Broad Band: The Untold Story of the Women Who Made the Internet

The internet is not just a product of male genius. It is also a result of the creativity, courage, and collaboration of women who shaped its history. In this book summary, you will learn about some of the remarkable women who contributed to the development of the internet, from the early days of computing to the present day.

The First Computer Programmer Ada Lovelace was a 19th-century mathematician who wrote the first algorithm for a machine that could perform complex calculations. She envisioned that such a machine could also manipulate symbols, music, and art, and thus create a new form of communication. She is widely regarded as the first computer programmer, and her work inspired generations of women in computing.

The Mother of Software Grace Hopper was a naval officer and a computer scientist who invented the first compiler, a program that translates human-readable code into machine-readable instructions. She also popularized the term “bug” to describe a software error, after finding a moth stuck in a computer. She was a pioneer of software engineering and a mentor to many women in the field.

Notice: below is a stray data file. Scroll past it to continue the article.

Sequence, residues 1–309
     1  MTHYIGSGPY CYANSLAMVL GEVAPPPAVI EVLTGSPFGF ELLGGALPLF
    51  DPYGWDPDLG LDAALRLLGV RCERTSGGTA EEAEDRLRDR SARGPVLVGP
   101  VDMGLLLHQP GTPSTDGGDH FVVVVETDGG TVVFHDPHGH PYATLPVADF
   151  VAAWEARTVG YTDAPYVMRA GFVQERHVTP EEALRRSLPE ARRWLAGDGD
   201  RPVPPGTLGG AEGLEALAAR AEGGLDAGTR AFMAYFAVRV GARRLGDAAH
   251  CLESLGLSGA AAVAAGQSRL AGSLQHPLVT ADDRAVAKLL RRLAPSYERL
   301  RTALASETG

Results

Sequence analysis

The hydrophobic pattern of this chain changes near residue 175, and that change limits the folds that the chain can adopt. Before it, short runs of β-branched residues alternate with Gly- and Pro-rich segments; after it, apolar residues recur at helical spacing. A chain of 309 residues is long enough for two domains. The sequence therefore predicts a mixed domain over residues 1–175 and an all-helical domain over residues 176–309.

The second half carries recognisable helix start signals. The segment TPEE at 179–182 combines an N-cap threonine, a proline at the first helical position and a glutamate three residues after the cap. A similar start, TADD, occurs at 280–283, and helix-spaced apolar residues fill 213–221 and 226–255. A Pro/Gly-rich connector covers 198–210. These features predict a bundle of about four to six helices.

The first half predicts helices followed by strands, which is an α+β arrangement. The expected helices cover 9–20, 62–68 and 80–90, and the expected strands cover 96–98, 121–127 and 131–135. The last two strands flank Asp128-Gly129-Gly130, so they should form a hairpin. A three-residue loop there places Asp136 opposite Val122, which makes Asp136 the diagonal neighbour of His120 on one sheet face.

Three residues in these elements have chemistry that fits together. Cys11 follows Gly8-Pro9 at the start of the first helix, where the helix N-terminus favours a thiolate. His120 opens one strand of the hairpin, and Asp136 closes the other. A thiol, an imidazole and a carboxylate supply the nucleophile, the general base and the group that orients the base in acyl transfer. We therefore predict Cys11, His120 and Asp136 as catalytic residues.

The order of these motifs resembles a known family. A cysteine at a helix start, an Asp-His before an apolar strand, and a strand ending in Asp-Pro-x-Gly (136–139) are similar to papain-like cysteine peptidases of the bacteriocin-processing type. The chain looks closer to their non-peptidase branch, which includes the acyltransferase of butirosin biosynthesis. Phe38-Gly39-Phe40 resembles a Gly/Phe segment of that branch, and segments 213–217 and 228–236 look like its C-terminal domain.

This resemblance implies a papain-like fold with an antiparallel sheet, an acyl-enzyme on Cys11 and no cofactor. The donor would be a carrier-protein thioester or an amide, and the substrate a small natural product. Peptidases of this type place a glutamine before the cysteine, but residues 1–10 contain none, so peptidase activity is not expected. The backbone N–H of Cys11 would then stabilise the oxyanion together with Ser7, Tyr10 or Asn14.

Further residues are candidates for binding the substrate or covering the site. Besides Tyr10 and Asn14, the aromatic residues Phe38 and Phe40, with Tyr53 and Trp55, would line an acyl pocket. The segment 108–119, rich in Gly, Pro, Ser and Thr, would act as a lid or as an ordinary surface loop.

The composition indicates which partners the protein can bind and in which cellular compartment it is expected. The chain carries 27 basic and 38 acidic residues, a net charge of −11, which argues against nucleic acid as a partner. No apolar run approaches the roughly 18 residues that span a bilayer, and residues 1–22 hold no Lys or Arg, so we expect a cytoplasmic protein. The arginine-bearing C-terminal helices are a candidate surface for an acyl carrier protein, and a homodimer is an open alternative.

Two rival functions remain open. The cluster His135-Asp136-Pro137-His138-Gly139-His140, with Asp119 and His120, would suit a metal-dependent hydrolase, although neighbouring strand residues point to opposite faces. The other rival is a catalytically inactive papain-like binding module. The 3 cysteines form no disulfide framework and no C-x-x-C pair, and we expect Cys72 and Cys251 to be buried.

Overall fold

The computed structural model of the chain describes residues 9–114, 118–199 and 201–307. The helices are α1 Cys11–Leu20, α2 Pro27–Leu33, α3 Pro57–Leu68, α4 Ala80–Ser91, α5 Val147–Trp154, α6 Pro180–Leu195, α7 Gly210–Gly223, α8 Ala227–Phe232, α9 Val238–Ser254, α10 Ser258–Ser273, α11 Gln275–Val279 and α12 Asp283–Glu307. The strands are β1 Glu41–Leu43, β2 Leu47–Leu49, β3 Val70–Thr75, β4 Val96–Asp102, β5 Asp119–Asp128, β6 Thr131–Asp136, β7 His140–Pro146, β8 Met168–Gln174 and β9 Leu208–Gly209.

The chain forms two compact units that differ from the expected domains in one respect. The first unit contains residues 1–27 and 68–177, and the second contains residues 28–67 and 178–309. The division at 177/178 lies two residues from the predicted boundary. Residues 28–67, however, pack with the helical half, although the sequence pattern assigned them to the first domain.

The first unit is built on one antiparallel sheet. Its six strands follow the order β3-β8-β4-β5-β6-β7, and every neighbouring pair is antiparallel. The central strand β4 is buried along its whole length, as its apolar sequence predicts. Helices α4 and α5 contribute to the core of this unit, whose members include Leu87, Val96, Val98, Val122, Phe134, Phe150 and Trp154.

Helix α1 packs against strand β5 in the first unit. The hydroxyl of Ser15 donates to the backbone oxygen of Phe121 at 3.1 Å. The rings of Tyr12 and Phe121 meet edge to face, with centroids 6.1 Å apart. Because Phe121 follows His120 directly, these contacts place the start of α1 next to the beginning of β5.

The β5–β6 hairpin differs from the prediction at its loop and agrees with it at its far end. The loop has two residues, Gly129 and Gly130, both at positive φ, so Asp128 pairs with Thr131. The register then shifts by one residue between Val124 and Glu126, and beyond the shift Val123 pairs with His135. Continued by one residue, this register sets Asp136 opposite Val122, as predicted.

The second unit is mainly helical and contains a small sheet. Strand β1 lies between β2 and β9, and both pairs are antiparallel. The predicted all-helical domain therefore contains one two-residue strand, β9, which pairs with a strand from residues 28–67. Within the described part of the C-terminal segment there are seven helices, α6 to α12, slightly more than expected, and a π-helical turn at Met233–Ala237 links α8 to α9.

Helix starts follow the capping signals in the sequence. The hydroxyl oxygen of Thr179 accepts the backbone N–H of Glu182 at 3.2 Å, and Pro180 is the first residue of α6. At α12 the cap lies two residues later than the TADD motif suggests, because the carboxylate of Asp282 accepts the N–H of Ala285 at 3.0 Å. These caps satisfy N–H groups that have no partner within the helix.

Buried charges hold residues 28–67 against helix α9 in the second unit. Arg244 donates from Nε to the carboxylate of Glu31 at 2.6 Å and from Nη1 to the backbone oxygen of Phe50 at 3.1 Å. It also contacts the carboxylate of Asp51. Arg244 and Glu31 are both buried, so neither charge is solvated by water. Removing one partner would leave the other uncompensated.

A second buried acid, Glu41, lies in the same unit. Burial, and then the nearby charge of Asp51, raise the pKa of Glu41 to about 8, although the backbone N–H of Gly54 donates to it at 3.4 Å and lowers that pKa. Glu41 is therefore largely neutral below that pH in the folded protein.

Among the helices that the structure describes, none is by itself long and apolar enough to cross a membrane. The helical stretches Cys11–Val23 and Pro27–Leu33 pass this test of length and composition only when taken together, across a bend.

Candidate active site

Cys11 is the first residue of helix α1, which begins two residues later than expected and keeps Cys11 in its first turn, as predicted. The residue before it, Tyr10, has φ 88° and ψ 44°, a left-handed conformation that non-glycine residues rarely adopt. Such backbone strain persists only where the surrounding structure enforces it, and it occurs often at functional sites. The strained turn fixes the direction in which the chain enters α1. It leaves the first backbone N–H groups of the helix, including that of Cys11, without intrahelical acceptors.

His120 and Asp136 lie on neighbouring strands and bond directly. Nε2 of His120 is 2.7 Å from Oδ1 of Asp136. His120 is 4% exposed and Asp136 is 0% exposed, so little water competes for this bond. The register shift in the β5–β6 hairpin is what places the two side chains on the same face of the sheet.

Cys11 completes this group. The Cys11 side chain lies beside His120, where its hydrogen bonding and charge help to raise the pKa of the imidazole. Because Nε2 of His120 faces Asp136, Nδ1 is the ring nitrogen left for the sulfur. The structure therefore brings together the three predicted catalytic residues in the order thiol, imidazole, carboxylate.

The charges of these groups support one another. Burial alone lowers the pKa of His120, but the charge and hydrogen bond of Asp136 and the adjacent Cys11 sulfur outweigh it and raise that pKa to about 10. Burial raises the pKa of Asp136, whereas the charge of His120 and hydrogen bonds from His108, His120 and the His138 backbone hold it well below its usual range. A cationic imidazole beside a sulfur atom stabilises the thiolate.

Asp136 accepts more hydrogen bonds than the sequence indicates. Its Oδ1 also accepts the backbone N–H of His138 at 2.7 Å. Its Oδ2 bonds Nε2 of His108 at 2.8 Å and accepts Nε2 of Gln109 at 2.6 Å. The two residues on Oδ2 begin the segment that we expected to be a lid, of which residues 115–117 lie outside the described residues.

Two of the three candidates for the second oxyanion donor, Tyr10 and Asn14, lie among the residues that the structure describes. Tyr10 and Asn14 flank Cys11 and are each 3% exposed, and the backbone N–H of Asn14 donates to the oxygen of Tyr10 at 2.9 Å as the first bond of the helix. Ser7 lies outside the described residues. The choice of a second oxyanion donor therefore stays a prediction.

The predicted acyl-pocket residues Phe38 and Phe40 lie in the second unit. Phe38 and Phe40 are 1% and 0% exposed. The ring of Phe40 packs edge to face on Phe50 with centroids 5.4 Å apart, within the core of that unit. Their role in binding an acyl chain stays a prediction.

The Director of the Internet Elizabeth Feinler was a researcher and a manager who led the team that created and maintained the first directory of internet addresses, known as the ARPANET Resource Handbook. She also developed the first domain name system, which allowed users to access websites by using names instead of numbers. She was instrumental in making the internet accessible and user-friendly.

The Inventor of the Internet Backbone Radia Perlman was a network engineer and a mathematician who designed the algorithm that enables data to travel across large and complex networks, such as the internet. Her algorithm, called Spanning Tree Protocol, ensures that data packets reach their destination without creating loops or congestion. She is often called the inventor of the internet backbone, or the mother of the internet.

The internet is not a male-dominated domain. It is a collaborative and diverse space that owes much to the vision and innovation of women. Broad Band by Claire L. Evans is a fascinating and inspiring book that celebrates the achievements of the women who made the internet possible.